This event was held at Adelaide City Lending Library, Rundle Mall, 7 May 2021
The harsh realities of cultural work are much more acknowledged now than a decade ago, as funding cuts and precarious working conditions meet unaffordable housing, higher rents, student debt and the disappearance of creative spaces in cities. The opening session looked at these challenges via the Bodies of Work project at Vitalstatistix.
Ben spoke to Bek about her work Money Laundering, Dating an Economist, and the Marrickville School of Economics. The focus was on the realities of artistic work – conditions, pay, value, self-exploitation – and on how this related to more formal accounts of economic value. The latter to projects involving an artistic interrogation of the ideas of orthodox and heterodox economists. We will definitely be involving Bek and Ben in future activities.
3.15 Troy Henderson (University of Sydney; Australia Institute): Basic Income – what is it?
Troy’s presentation laid out in detail the history of UBI: ‘a periodic cash payment unconditionally delivered to all on an individual basis, without means-test or work requirement’. He looked at the pros and cons, addressing some of the common objections to the idea. He then focused on the potential for UBI in post-pandemic Australia. The detailed slides are attached and available on the Reset Website (under construction). Finally Troy made a suggestion for a Basic Income for Artists, and what that might entail – taking us through some basic figures and potential implementation process. (Troy and colleagues further discuss here).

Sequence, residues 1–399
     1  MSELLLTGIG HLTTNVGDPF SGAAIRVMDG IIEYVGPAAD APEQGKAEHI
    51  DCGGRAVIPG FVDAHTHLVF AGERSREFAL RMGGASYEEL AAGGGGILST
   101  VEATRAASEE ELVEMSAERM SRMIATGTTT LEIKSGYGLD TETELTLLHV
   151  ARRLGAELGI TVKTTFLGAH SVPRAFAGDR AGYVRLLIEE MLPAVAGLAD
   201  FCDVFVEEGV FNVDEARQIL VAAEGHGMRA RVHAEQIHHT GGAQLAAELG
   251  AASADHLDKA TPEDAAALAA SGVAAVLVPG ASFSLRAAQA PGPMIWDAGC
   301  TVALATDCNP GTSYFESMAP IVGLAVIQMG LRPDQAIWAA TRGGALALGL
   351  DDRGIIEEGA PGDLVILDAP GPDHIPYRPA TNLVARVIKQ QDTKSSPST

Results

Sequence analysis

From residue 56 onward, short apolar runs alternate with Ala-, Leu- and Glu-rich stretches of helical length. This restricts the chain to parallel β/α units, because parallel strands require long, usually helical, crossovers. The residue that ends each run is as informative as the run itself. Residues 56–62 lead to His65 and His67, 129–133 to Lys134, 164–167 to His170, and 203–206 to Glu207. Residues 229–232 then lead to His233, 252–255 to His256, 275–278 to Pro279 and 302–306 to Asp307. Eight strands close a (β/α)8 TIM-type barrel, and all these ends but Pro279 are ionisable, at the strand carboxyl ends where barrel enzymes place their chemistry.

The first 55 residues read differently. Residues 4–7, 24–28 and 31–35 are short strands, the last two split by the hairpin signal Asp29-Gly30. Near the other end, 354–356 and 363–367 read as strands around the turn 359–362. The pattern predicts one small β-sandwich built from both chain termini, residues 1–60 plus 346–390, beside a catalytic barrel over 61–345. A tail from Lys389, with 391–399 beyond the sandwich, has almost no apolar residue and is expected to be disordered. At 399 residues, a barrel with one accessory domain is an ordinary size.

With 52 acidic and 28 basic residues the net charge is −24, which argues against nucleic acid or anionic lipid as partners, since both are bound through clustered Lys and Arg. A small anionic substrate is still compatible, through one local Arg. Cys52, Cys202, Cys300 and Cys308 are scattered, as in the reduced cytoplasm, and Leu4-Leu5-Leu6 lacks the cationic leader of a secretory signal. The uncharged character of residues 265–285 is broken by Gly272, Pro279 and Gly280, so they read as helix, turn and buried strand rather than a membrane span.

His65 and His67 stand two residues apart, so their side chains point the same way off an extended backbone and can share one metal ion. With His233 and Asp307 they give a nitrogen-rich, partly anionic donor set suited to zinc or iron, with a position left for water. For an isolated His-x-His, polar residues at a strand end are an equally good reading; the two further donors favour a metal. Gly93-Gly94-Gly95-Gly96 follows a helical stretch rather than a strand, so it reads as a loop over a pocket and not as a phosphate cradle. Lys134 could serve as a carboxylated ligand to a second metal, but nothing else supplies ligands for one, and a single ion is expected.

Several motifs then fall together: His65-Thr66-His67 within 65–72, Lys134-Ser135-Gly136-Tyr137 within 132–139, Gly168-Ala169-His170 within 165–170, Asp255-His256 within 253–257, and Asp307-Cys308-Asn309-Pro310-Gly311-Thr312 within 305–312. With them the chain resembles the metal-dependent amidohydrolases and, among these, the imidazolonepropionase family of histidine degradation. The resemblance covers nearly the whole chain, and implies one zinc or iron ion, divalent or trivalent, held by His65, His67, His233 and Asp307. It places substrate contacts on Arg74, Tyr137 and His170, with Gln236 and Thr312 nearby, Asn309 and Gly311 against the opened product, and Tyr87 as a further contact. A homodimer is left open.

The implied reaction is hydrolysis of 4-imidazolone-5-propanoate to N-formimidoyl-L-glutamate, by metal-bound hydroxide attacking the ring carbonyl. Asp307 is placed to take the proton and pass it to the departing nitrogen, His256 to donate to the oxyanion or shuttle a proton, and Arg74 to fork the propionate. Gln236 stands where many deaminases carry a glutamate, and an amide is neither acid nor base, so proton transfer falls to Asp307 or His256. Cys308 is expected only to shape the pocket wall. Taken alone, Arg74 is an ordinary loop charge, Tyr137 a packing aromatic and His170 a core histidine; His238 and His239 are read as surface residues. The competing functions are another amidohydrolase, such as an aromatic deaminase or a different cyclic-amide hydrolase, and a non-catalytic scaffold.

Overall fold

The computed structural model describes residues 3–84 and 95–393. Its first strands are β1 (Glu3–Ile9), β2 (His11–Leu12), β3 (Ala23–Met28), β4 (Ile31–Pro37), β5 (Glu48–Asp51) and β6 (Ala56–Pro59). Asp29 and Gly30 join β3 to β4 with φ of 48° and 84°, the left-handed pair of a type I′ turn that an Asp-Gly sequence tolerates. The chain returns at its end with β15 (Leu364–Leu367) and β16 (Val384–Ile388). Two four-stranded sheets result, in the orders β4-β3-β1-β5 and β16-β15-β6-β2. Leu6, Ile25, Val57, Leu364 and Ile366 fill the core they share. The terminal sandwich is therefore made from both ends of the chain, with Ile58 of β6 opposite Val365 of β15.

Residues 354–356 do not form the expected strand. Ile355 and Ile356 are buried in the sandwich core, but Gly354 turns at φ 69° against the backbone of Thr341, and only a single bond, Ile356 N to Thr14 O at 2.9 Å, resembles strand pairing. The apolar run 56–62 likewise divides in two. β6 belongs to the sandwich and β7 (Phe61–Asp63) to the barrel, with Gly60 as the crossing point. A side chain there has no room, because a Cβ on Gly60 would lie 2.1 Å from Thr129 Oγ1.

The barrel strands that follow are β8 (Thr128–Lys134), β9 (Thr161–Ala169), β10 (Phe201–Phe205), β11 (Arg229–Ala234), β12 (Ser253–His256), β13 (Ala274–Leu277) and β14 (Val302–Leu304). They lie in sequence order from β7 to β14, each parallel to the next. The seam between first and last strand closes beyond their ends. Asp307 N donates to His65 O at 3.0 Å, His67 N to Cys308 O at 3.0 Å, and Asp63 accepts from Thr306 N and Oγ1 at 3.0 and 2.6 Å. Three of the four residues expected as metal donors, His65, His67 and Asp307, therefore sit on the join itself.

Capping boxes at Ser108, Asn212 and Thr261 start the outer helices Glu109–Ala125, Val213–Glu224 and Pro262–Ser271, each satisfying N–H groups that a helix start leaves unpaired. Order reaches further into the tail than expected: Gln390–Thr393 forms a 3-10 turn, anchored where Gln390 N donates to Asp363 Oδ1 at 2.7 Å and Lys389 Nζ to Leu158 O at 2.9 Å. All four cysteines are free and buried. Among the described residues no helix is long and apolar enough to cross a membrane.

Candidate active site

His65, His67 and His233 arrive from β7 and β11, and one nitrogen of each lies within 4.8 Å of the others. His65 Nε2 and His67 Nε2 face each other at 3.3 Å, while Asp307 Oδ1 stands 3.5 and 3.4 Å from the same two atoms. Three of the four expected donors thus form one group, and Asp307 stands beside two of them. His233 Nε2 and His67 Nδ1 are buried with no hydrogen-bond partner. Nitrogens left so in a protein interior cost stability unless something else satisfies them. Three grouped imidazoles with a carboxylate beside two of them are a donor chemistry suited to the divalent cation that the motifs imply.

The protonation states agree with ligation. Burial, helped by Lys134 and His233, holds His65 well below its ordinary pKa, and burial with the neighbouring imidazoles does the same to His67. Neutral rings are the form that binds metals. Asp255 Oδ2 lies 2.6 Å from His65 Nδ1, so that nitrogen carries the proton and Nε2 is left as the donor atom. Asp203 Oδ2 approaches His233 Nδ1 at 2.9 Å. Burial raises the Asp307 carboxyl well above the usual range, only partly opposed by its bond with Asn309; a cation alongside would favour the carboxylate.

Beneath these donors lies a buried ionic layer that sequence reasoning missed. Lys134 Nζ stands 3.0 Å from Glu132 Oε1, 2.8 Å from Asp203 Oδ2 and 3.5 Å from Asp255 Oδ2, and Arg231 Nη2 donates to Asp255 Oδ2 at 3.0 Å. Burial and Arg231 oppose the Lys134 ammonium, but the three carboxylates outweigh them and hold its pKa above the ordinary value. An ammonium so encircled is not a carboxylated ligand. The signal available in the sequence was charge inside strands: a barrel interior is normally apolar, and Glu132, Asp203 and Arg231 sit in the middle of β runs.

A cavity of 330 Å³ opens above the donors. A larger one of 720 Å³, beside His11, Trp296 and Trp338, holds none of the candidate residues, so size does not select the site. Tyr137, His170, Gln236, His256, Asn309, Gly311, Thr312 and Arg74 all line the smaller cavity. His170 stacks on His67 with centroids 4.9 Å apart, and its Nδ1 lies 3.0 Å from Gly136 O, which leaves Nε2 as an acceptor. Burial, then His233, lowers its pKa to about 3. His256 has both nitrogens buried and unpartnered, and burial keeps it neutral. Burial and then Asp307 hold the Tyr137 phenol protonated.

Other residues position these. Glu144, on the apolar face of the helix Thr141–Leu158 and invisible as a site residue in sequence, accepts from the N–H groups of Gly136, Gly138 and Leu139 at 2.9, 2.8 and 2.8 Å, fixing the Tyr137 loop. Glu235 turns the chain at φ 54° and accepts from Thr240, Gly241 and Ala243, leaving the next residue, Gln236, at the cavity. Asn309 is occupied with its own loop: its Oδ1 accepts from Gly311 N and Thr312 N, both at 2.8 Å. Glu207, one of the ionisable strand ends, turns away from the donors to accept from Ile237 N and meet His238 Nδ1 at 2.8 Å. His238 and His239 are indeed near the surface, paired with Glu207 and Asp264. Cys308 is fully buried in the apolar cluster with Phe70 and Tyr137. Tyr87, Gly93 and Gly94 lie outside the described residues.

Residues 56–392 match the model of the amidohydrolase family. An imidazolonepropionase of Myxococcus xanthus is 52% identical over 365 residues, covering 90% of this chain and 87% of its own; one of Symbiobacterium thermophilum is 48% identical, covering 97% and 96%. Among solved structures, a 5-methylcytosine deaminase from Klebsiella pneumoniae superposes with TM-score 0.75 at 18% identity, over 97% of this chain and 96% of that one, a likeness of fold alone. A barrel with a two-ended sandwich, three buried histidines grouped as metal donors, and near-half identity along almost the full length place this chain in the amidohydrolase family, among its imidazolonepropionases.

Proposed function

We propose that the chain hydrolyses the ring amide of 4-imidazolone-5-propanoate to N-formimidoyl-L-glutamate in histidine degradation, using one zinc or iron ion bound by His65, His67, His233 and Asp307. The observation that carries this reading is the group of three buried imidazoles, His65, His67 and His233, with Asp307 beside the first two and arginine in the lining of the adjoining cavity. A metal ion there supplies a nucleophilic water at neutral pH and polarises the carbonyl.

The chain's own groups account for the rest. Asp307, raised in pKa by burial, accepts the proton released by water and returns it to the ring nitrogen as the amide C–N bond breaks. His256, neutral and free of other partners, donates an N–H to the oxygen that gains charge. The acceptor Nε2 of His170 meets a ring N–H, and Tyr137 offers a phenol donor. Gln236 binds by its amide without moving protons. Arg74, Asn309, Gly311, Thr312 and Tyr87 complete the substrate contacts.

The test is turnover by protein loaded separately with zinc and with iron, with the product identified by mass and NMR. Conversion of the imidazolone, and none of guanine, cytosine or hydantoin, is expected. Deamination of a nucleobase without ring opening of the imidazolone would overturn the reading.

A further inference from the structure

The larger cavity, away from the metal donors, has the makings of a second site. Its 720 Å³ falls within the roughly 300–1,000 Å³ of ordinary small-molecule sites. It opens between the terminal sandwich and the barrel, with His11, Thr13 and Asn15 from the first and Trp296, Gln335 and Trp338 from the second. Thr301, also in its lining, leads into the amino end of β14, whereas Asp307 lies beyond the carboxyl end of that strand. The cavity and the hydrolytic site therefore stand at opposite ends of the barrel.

4.00 Cooperatives in Art and Culture? Melina Morrison CEO Business Council of Cooperatives and Mutuals (BCCM)
Melina outlined what co-ops were: “A cooperative is an autonomous association of persons united voluntarily to meet their common economic, social, and cultural needs and aspirations through a jointly-owned and democratically-controlled enterprise”. She showed how they had a long history in Australia, though this is now hardly visible. She then showed why they might be good for artists, using case studies of the London Symphony Orchestra, Stocksy, Only the Human (Perth), The New Internationalist, Associated Press, Progressive Broadcasting Service (Melbourne), Boomalli Aboriginal Artist Co-operative. BCCM was there to advise and support artists setting up co-operatives. Slides are attached and on the website.
4.30 Sarah de Heusch, Chargée d’Affaires Publiques, SMART
SMART is a freelancers Co-op, coming out of many years practice with an increasingly precarious cultural sector. As Sarah explained, SMART now supports freelancers across the board, with the cultural sector making up around half their members. The details of this project can be found on the SMART website, and in the Reset Reading (attached and on the reset website). We have a recording of Sarah’s talk, which is being edited and made available soon.